EU Loses EUR 60 Billion Each Year in Sales Due to Counterfeiting
The European Union Intellectual Property Office (EUIPO) recently published the 2019 Status Report on IPR Infringement that examines the economic impact of counterfeiting and piracy. The study was carried out through the European Observatory on the Infringement of Intellectual Property Rights and it refers to the following 11 sectors:
- Cosmetics and personal care;
- Clothing, footwear and accessories;
- Athletic goods;
- Toys and games;
- Jewellery and watches;
- Handbags and luggage;
- Recorded music;
- Spirits and wine;
- Pesticides; and
According to the study, the annual losses due to counterfeiting and piracy in the EU are estimated at EUR 60 billion (USD 67.7 billion), which is equivalent to 7.4% of all EU-wide sales. In Slovenia, these losses are estimated at EUR 215 million (USD 242.6 million) each year, equivalent to 12% of all sales, while in Croatia they stand at EUR 340 million (USD 387 million), or 10.7% of all sales. The total value of sales lost to counterfeiting in the EU is equivalent to EUR 110 (USD 124) per EU citizen per year, while in Slovenia this amounts to EUR 104 (USD 117) per citizen, and in Croatia to EUR 81 (USD 92) per citizen.
The report also estimates that up to 467,835 jobs are directly lost due to counterfeiting in the 11 sectors across the EU; in Slovenia this number is estimated at 1,979, and in Croatia at 3,999.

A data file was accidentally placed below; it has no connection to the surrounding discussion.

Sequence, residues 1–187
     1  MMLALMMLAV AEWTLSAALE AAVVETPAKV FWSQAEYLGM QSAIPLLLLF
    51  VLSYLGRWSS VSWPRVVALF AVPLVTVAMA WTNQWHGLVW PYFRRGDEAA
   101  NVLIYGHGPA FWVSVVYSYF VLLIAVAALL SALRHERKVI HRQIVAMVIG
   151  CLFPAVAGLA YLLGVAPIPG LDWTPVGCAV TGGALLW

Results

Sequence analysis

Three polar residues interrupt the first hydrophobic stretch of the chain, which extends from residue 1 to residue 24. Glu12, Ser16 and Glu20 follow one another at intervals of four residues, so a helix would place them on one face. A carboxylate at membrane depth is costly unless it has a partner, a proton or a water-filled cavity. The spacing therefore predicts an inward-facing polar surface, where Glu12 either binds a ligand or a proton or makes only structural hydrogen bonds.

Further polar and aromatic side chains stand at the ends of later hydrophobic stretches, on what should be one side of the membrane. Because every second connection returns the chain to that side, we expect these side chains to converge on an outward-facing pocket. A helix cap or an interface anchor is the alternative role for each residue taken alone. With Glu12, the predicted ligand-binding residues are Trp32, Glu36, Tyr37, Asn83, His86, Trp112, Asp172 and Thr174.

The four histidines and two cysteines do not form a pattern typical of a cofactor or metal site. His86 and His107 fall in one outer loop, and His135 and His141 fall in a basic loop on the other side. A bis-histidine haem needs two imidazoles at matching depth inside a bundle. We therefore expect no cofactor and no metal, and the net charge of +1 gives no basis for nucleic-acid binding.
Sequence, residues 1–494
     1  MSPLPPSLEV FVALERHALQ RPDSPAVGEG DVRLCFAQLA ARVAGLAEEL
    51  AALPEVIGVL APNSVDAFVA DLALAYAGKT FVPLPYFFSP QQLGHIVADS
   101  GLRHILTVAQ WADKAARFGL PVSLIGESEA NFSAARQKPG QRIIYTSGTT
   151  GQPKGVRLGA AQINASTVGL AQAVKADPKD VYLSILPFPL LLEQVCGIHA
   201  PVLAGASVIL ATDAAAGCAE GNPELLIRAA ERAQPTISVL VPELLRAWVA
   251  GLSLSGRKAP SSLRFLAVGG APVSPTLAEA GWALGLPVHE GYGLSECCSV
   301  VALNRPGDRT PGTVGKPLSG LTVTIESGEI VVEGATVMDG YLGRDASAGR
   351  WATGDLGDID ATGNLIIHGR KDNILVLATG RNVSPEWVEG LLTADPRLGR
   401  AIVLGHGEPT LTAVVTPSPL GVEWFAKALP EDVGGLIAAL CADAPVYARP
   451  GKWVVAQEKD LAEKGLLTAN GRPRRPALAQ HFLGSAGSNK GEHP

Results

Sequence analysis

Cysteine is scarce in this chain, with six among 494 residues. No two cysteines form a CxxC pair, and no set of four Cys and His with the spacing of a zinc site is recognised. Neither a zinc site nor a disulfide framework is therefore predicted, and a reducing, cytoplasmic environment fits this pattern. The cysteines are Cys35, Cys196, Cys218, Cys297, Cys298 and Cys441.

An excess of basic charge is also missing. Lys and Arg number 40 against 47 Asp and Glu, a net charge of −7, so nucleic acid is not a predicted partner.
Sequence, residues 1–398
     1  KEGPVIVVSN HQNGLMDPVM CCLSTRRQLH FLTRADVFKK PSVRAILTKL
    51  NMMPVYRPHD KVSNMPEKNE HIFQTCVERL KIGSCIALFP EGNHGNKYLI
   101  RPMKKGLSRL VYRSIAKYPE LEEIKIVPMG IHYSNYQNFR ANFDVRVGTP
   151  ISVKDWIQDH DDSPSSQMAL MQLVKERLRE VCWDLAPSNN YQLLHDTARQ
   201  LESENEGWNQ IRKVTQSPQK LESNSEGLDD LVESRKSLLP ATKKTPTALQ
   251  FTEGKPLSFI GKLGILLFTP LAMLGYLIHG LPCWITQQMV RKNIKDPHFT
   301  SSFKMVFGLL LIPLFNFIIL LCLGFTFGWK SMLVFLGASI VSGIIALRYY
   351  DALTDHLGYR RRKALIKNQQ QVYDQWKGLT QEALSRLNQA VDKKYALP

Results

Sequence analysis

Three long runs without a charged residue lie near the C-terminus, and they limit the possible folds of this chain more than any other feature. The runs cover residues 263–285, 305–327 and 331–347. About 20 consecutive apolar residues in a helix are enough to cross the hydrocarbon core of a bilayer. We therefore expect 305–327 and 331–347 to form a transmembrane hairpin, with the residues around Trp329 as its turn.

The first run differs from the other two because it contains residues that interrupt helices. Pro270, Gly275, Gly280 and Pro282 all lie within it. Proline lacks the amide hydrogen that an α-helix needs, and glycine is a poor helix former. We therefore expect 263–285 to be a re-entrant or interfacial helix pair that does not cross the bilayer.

The top sectors according to lost sales in the EU are:
- Clothing, footwear and accessories (EUR 28,4 billion or USD 32 billion) lost each year, equivalent to 9.7% of sales in this sector;
- Pharmaceuticals (EUR 9.6 billion, USD 10.8 billion), equivalent to 3.9% of sales;
- Cosmetics and personal care (EUR 7.1 billion, USD 8 billion), equivalent to 10.5% of sales;
- Smartphones (EUR 4.2 billion, USD 4.7 billion), equivalent to 8.3% of sales; and
- Spirits and wine (EUR 2.4 billion, USD 2.7 billion), equivalent to 5.9% of sales in this sector.
The top sectors according to lost sales in Slovenia are very similar:
- Clothing (EUR 109 million or USD 123 million, 16.7% of sales);
- Pharmaceuticals (EUR 36 million or USD 40.6 million, 7% of sales);
- Smartphones (EUR 24 million or USD 27 million, 11.5% of sales);
- Handbags (EUR 20 million or USD 22.6 million, 16.4% of sales); and
- Cosmetics and personal care (EUR 10 million or USD 11.3 million, 6.7% of sales).
The situation in Croatia is almost the same – the top sectors according to lost sales are the following:
- Clothing (EUR 125 million or USD 142 million, 13.5% of sales);
- Pharmaceuticals (EUR 100 million or USD 114 million, 8.2% of sales);
- Smartphones (EUR 46 million or USD 52 million, 15% of sales);
- Cosmetics (EUR 29 million or USD 33 million, 10.1% of sales); and
- Spirits and wine (EUR 17 million or USD 19 million, 7.8% of sales).
The report concludes that in comparison with 2018, the amount of lost sales has decreased at EU level in all except in two of the analysed sectors, namely in clothing, accessories and footwear, where lost sales grew from EUR 23.2 billion (USD 26.2 billion) to EUR 28.4 billion of (USD 32 billion), and cosmetics and personal care, where the loss increased from EUR 5.8 billion (USD 6.5 billion) to EUR 7.1 billion (USD 8 billion).
Prepared by: Maja Žnidarič and Anamarija Stančić Petrović
Sources: Slovenian and Croatian IPO and EUIPO websites
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- Montenegrin IPO Loses Autonomy to Newly Founded Directorate for Internal Market and Competition
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